Belgium last night lowered the terror threat alert in Brussels from the maximum level of four to level three, despite ongoing concerns over security, including an anthrax scare at the city’s main mosque.
The capital had been locked down at the highest alert level, for “serious and imminent” threats, since Saturday morning, with schools, universities and the metro closed until Wednesday morning. But Belgium’s threat analysis committee, Ocam, said it could be reduced to three, which characterises threats as “possible and probable”.
Belgian Prime Minister Charles Michel said that although the threat level had fallen, soldiers would still remain on guard at key points across Brussels. “The threat is still serious, but it is not as imminent,” he said.
The change comes despite questions about safety, with Brussels-born Paris suspect Salah Abdeslam still at large. Police raided homes in two towns in southern Belgium, near the French border, yesterday: one in Auvelais, close to Charleroi, and two in Verviers, where a major raid took place in January, in the wake of the Charlie Hebdo shootings. Neither raid led to any arrests.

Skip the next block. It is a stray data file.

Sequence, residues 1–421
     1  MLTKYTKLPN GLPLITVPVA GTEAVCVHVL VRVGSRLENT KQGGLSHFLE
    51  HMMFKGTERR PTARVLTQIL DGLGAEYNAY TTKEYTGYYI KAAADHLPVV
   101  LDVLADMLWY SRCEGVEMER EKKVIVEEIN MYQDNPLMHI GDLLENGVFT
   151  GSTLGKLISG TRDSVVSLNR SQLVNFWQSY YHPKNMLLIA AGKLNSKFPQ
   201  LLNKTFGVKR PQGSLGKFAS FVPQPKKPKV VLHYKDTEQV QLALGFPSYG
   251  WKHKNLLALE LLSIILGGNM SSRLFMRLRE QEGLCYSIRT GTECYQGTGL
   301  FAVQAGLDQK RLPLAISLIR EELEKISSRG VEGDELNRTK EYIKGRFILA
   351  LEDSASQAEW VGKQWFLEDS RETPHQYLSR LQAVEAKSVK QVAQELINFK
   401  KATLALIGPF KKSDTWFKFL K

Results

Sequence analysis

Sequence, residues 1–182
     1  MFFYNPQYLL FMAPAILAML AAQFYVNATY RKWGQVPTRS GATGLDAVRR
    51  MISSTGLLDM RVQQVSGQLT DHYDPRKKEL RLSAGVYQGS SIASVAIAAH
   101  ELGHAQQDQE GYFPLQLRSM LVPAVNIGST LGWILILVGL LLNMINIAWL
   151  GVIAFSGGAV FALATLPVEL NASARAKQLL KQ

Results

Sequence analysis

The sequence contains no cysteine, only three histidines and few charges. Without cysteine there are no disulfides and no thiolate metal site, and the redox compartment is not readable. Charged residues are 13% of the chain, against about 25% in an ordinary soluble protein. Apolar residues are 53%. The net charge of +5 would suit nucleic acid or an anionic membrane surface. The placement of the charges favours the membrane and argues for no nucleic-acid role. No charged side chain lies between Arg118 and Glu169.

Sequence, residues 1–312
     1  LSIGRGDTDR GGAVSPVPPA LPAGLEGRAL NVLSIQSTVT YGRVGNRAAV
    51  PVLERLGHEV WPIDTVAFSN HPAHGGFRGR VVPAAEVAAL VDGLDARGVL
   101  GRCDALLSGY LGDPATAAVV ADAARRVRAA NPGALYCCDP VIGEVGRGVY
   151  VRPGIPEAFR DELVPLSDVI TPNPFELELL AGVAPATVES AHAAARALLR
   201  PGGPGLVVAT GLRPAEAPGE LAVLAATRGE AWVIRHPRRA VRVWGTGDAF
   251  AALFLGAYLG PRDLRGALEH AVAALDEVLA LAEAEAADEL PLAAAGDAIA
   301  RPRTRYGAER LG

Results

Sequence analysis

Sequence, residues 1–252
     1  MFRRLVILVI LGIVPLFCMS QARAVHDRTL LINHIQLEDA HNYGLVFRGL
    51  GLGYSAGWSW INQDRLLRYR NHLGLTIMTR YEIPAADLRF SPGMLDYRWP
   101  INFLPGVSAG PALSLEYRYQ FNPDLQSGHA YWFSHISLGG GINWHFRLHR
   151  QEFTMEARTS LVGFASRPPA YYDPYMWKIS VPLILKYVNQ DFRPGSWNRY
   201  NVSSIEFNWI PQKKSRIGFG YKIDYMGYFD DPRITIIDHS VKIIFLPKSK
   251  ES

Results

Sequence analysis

It also emerged that Abdeslam’s alleged accomplice Mohamed Abrini was helping to set up a women’s hairdressing salon in Molenbeek that was next door to the apartment of Ayoub El-Khazzani, who in August attempted to shoot passengers on a high-speed train between Paris and Brussels before being overcome. However, the salon never opened, its registered name Tamimi was inactive, and it had accumulated some €10,000 in debt.
Meanwhile, Italian authorities yesterday seized a shipment of 781 pump-action shotguns destined for Belgium from Turkey. Customs officials swooped after the Winchester SXP weapons were transferred from a ship on to a lorry driven by a Turkish national at the north-east port of Trieste. Customs could not confirm any links to terrorist groups.